The amount of sucralose to be added to the food is not particularly limited insofar as it is effective in masking the unpleasant smell (can odor) characteristic of canned products, and may be suitably selected depending on the kinds of the applied foods, the kinds of the materials used for the cans and other conditions. Although not restricted, the amount of sucralose may be suitably selected from the following ranges. For example, a food may contain 0.0005 to 0.1% by weight of sucralose. The sweetness of sucralose itself becomes prominent in a concentration of about 0.0006% by weight or higher. Accordingly, when it is used also as a sweetener to impart sweetness, sucralose may be used in the above concentration or higher, while it may be used below the above concentration when a low sweetness is desired. Such amount can be optionally adjusted by a person of skill in the art within the ordinary skill level in the art.

According to the present invention, the can odor characteristic of canned products can be significantly masked by adding sucralose, whereby a food which does not give unpleasantness to consumers can be prepared without losing the tastiness of the canned products and canned foods.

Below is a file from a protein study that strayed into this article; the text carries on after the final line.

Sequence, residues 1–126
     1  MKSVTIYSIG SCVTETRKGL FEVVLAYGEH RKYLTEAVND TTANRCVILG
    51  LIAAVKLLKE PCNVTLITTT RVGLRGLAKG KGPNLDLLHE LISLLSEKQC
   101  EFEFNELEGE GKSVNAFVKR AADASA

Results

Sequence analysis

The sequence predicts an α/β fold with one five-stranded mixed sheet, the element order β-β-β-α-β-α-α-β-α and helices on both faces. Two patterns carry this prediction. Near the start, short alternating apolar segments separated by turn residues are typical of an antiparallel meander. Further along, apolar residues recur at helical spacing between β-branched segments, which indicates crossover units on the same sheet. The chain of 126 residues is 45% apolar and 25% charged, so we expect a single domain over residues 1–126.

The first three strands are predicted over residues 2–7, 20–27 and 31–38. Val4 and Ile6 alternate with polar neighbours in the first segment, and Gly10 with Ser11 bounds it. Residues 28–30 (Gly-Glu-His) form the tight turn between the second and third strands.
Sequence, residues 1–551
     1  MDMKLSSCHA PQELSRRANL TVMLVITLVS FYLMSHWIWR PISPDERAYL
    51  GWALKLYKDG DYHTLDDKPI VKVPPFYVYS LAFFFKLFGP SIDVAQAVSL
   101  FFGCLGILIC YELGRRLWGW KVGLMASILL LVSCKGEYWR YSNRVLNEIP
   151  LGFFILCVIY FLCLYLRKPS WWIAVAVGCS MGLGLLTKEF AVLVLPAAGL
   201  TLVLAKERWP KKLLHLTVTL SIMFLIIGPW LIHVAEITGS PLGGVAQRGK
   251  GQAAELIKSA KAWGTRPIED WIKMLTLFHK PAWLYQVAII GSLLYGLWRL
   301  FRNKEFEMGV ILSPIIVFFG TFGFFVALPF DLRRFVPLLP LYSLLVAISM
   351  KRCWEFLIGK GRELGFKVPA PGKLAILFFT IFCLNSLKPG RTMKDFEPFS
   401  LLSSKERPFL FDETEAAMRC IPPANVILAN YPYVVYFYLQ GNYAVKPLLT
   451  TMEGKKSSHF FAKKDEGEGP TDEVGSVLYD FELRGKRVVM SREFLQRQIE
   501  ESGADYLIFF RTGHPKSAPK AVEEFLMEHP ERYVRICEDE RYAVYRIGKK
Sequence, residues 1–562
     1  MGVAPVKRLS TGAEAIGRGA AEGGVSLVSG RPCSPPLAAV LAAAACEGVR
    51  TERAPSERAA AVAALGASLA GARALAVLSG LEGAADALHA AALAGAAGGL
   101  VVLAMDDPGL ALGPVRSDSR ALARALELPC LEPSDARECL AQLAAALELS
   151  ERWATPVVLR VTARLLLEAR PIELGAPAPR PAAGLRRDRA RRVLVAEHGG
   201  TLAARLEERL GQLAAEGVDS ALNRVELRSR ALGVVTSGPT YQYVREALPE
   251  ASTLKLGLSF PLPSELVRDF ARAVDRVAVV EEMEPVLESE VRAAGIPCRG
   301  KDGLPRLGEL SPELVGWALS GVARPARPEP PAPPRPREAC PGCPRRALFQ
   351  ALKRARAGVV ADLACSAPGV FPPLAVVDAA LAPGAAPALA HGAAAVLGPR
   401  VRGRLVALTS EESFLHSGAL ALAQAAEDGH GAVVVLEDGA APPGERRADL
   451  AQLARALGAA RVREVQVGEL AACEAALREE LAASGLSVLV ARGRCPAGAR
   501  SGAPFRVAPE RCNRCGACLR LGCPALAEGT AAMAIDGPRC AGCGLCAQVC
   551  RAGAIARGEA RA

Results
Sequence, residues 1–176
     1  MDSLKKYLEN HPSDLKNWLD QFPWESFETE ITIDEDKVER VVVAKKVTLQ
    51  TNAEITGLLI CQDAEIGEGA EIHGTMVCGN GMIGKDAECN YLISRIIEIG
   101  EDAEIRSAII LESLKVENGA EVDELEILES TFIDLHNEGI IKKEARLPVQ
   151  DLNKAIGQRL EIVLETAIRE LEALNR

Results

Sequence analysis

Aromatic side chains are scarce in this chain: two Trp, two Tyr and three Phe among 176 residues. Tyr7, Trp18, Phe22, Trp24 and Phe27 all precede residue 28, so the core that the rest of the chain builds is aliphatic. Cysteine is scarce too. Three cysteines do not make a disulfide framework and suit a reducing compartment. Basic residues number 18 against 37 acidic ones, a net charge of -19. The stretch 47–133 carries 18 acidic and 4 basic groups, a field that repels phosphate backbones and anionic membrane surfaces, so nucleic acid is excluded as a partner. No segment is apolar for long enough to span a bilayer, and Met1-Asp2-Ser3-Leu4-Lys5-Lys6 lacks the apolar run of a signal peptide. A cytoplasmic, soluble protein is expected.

Thus, from a different point of view, the present invention provides a masking agent for a can smell using sucralose as an active ingredient, and a method for masking the can smell by adding sucralose to a canned product or a canned food for which the can smell is disadvantageous (or can be disadvantageous).

The masking agent of the present invention should contain at least sucralose, and may also contain, for example, other sweeteners, flavors, preservatives, stabilizers and other components, unless they lessen the effects of the present invention.

The masking agent for a can smell of the present invention may be in the form of a solid such as a powder, granules and the like, or in the form of a solution. The masking agent in any of these forms is added to the above canned products and canned foods at any step of their preparation. The addition of such masking agent can significantly mask the metallic can smell caused by their preparation and storage, thereby providing the canned product or canned food which are accepted and preferred by more consumers as a convenience food.

The timing of the addition of the masking agent to the food is not particularly limited. The amount of the masking agent to be added to the food can be suitably selected based on the above-mentioned amount of sucralose to be added to the food of the present invention.

(2) Food with Masked Unpleasant Taste Use of Sucralose as Masking Agent for Unpleasant Taste